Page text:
Psychiatry is the field of medicine dedicated to the study and treatment of mental health conditions. A person trained and credentialed to practice this type of medicine is called a psychiatrist. Psychiatrists may treat mental health conditions that interfere with daily functioning such as depression and anxiety, and may also treat mental health conditions caused by physical injuries such as traumatic brain injury. Psychiatrists may practice in a number of specialty fields, including addiction psychiatry, community psychiatry, child psychiatry and social psychiatry. Many psychiatrists partner with therapists and other mental health professionals to provide both talk therapy and medication to their clients.
History of Psychiatry
The field of psychiatry has been around in one form or another for thousands of years. In ancient Greece and Rome, mental health conditions were believed to be caused by supernatural forces. However, Hippocrates posited in the 4th century B.C.E. that mental health conditions might be caused by physiological problems.
In the middle ages, people with mental health conditions were typically placed in asylums that acted as holding facilities rather than as treatment hospitals. In the 18th century, French psychiatrist Philippe Pinel proposed humane treatments for psychiatric patients. Conditions for patients in asylums continued to vary greatly well into the 20th century.
At the turn of the 20th century, psychiatrists began proposing different treatment modalities. Throughout the 20th century, mental health conditions have increasingly come to be viewed and understood as health conditions that are highly treatable. However, psychiatric hospital conditions and protocols can still vary greatly.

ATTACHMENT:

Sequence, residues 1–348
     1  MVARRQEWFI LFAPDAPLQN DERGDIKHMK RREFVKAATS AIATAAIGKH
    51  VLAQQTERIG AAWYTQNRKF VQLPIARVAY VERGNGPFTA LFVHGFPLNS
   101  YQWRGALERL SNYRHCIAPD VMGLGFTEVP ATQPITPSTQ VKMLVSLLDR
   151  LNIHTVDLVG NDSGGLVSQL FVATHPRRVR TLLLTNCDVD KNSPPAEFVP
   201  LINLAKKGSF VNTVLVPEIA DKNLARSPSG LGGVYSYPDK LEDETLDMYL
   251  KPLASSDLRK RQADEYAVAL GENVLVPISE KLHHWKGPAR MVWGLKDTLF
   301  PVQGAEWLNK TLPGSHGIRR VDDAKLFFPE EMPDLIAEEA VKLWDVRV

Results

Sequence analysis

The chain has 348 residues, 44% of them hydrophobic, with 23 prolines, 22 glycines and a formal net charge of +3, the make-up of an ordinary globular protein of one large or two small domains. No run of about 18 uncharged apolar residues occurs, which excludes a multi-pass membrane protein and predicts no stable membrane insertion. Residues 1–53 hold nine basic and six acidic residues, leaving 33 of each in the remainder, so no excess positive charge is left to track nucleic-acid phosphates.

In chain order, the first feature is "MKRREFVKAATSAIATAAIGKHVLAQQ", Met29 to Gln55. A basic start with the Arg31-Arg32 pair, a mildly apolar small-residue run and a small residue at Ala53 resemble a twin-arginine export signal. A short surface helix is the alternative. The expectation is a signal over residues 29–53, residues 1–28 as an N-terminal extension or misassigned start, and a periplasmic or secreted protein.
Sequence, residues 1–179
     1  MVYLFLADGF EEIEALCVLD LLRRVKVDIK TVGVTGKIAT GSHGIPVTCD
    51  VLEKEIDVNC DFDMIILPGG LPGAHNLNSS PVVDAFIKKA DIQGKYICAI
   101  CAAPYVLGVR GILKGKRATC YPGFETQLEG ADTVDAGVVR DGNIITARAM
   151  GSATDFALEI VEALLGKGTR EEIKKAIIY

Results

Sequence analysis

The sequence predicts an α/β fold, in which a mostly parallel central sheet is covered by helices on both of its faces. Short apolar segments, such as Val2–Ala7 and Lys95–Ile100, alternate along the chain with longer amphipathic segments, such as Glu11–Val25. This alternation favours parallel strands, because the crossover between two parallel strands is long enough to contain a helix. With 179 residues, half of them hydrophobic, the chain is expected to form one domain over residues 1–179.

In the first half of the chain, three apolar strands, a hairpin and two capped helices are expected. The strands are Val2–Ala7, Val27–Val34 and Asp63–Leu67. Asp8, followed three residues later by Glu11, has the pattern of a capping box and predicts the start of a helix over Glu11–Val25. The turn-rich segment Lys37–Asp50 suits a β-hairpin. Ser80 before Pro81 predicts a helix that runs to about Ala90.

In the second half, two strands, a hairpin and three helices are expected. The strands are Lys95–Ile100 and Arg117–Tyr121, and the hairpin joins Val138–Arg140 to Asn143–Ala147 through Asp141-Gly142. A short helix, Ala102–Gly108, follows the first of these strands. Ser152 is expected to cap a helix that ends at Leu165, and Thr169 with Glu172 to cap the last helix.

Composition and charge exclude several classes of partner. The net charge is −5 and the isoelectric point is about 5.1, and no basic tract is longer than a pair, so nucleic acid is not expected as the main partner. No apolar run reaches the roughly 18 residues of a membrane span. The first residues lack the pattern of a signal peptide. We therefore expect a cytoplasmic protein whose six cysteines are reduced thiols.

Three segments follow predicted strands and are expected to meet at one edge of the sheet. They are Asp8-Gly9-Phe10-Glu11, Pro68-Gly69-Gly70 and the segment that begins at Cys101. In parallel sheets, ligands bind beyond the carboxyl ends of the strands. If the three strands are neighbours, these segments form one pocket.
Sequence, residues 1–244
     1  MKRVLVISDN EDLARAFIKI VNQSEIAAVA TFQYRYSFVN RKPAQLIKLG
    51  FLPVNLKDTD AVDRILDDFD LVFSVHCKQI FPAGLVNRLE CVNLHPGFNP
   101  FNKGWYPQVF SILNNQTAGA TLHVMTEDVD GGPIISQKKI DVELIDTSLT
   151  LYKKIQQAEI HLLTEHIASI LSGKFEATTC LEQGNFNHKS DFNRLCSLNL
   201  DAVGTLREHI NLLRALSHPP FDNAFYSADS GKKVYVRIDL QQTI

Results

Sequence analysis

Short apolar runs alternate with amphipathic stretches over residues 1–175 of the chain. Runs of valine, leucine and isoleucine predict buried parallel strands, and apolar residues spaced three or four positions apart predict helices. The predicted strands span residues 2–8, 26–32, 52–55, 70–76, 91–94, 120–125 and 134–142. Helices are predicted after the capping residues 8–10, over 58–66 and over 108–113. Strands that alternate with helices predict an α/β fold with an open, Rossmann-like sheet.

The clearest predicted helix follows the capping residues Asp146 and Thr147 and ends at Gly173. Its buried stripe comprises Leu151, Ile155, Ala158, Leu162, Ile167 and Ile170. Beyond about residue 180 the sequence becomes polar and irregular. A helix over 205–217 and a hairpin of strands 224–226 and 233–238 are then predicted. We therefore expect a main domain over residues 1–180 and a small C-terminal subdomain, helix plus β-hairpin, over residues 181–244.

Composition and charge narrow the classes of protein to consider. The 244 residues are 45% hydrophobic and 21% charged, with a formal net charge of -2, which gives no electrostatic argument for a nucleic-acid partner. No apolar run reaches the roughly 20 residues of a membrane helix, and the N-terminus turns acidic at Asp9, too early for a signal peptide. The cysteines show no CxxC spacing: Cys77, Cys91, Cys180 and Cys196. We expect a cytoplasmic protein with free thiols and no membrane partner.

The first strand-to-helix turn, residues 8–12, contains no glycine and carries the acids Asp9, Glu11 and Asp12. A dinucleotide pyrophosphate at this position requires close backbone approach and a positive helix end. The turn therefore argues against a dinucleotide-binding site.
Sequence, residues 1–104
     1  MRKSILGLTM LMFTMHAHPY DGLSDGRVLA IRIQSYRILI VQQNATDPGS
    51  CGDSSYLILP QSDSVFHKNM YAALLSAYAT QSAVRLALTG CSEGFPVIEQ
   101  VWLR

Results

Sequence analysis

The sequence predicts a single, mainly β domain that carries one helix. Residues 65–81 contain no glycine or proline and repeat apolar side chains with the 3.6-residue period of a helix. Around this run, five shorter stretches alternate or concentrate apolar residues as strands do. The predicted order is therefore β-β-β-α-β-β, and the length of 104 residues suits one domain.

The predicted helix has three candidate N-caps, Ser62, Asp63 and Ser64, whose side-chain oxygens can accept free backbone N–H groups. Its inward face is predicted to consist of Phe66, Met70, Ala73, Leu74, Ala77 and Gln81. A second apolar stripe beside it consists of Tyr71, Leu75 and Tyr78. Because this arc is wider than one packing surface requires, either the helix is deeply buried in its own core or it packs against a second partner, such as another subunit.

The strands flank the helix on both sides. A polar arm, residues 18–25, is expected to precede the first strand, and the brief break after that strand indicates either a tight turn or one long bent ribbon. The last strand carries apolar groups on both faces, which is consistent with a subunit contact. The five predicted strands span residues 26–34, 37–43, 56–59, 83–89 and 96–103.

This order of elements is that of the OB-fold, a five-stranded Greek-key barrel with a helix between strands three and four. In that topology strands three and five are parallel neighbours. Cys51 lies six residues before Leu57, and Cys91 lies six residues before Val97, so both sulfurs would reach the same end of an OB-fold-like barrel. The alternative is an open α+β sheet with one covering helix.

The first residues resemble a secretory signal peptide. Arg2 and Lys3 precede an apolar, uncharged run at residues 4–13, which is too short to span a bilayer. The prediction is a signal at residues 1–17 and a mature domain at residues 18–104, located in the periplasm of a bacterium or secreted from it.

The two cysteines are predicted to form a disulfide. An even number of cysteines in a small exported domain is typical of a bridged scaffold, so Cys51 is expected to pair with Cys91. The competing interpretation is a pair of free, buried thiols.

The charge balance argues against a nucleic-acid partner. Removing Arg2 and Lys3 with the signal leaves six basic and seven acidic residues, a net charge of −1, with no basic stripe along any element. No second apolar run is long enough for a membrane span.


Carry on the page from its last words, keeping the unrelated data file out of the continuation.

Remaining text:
Psychiatrists can differ in their treatment philosophy, but the field of psychiatry works on an assumption that mental health conditions have an underlying biological cause. Individual practitioners may not subscribe to this belief. The biocognitive model of psychiatry attempts to incorporate biological and cognitive elements in understanding mental health conditions. Subscribers to this model believe that cognition cannot be reduced to purely physical causes.
- American Psychological Association. APA concise dictionary of psychology. Washington, DC: American Psychological Association, 2009. Print.
- Kring, A. M., Johnson, S. L., Davison, G. C., & Neale, J. M. (2010). Abnormal psychology. Hoboken, NJ: John Wiley & Sons.
- Shorter, E. (1997). A history of psychiatry: From the era of the asylum to the age of Prozac. New York, NY: John Wiley & Sons.
Last Updated: 04-18-2016
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